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Does Your Team Have a Ban on Learning?

The quote landed with a thud. “On our project, we don’t want anyone learning on the job.” Someone said this to me in a meeting, and I couldn’t get it out of my head for days. Consider the state of mind of someone who says that. Could it be more pompous and tone-deaf? This person, […]

by | Feb 17, 2021

The quote landed with a thud. “On our project, we don’t want anyone learning on the job.” Someone said this to me in a meeting, and I couldn’t get it out of my head for days. Consider the state of mind of someone who says that. Could it be more pompous and tone-deaf? This person, and the organization he represents, have decreed that their project is staffed by people who are done growing. New members to the team aren’t welcome unless they’re veterans who’ve seen it all before. It’s rooted in the belief that you’re either learning (taking) or producing (giving), and we want only givers on this team.

Unfortunately, that quote isn’t only arrogant; it’s quite common. To those who embrace this mindset, I’d pose this question: “So if not here, where should your team members get their knowledge?” The answer quickly comes back, “Elsewhere… anywhere but here.” They presume there are other projects with lesser importance and lower profiles, whose stakeholders don’t matter as much as theirs. “Give me a team of time-tested experts who’ve seen this before, and who know what to do.” It’s so straightforward that no one could speak up against it. Ah, the hubris of sounding so righteously right, yet being so myopically misguided.

Here at Exelaration, we’ve noted that there’s a small problem with the crusade to banish learning from project teams: the inconvenient record of human accomplishment over thousands of years. The world is filled with achievements and triumphs conquered by people who had little experience, but whose “on-the-job learning” produced the optimal result. Based on experience, John F. Kennedy had no business overseeing the U.S. response to the Cuban missile crisis. His recently vanquished opponent Richard Nixon had the stronger resume to handle Khrushchev, and many bosses would have assigned that “project” to Nixon. Likewise, General Motors was eminently qualified to bring the electric car industry to life, certainly much more than newcomers like Elon Musk’s Tesla team. Yet few remember GM’s EV1.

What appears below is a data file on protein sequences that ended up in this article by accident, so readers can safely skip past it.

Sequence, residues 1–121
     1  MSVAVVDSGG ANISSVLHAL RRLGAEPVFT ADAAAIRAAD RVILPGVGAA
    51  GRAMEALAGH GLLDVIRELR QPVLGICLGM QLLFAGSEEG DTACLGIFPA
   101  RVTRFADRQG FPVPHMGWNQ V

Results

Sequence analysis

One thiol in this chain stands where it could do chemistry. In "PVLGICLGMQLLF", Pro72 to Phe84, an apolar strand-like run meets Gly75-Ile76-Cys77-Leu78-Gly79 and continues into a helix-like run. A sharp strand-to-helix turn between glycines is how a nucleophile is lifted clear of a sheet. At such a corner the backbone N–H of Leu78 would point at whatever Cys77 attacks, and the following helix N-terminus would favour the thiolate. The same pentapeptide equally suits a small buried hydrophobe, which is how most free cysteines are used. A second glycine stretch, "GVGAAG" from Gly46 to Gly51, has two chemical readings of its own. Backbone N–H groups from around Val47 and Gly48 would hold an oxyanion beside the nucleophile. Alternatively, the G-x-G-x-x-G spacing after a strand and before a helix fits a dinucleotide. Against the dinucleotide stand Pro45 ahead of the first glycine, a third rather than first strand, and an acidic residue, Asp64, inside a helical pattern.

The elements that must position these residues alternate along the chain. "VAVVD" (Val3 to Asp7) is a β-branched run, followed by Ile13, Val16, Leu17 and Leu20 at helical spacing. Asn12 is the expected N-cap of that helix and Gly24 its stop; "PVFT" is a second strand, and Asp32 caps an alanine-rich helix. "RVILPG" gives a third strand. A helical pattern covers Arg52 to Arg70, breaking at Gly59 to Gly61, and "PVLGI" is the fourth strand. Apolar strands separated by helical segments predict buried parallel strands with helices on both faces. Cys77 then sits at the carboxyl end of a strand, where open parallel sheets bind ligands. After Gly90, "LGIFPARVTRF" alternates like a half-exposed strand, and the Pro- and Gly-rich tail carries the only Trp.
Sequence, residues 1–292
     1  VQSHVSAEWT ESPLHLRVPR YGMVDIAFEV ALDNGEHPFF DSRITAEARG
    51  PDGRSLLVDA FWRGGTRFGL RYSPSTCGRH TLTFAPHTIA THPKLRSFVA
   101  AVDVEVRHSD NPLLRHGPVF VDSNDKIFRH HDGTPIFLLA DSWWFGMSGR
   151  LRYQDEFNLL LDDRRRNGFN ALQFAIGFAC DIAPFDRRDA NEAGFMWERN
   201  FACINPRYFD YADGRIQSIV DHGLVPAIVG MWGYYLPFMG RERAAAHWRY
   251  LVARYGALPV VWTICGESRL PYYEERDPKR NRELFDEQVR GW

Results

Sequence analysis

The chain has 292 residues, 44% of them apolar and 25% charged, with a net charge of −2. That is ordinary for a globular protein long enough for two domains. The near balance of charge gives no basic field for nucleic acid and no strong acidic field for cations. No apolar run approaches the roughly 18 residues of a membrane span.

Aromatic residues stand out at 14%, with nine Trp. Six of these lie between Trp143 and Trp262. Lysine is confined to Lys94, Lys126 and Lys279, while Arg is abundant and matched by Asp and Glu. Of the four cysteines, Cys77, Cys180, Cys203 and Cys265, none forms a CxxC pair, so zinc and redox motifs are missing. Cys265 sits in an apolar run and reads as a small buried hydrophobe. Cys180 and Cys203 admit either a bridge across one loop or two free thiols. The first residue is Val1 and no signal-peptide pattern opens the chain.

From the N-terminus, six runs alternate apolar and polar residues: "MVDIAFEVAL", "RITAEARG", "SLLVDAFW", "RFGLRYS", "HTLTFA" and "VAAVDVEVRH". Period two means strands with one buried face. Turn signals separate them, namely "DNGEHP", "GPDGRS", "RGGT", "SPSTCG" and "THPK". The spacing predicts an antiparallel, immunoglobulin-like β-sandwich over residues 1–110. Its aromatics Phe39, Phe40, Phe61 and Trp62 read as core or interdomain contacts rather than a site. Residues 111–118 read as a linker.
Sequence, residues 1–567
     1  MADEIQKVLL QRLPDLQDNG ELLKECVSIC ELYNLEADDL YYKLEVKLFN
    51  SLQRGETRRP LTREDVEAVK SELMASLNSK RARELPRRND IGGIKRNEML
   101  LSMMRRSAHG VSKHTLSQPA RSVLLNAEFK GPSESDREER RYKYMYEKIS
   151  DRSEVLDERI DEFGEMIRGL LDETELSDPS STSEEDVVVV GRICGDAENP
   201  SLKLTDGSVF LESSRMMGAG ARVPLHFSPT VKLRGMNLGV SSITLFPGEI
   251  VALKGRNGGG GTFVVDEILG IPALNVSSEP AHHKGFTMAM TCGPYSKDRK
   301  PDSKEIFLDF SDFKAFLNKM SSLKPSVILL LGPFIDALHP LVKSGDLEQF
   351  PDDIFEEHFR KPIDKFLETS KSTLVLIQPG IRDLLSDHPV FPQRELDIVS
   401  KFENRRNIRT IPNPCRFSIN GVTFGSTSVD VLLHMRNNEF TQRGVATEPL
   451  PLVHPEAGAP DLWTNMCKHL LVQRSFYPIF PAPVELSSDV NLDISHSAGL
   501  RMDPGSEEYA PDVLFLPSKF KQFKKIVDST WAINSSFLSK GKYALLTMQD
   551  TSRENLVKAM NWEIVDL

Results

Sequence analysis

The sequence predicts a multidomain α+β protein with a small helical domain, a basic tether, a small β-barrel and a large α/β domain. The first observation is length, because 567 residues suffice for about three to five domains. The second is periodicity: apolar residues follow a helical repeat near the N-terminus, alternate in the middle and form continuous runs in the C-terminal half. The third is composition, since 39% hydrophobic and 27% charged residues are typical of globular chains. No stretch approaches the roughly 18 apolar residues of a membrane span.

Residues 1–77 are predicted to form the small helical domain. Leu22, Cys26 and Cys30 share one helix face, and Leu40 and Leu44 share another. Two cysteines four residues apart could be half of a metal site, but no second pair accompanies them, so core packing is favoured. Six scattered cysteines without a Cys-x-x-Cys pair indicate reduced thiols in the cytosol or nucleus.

Why this paradox? How can less experienced on-the-job trainees outperform qualified experts? The answer is risk, and its consequence: fear. A team of experts who feel confident, safe, and “qualified” doesn’t lose sleep over the possibility of failure. That sounds like a good thing, but it’s a terrible precondition for greatness. Who would you bet on: a team whose head coach slept well the night before or the team whose coach spent the last week fearing a loss? People whose backs are against the wall produce exceptional results, time and time again. Sure, there’s a failure rate, but does it exceed the failure rate across all teams?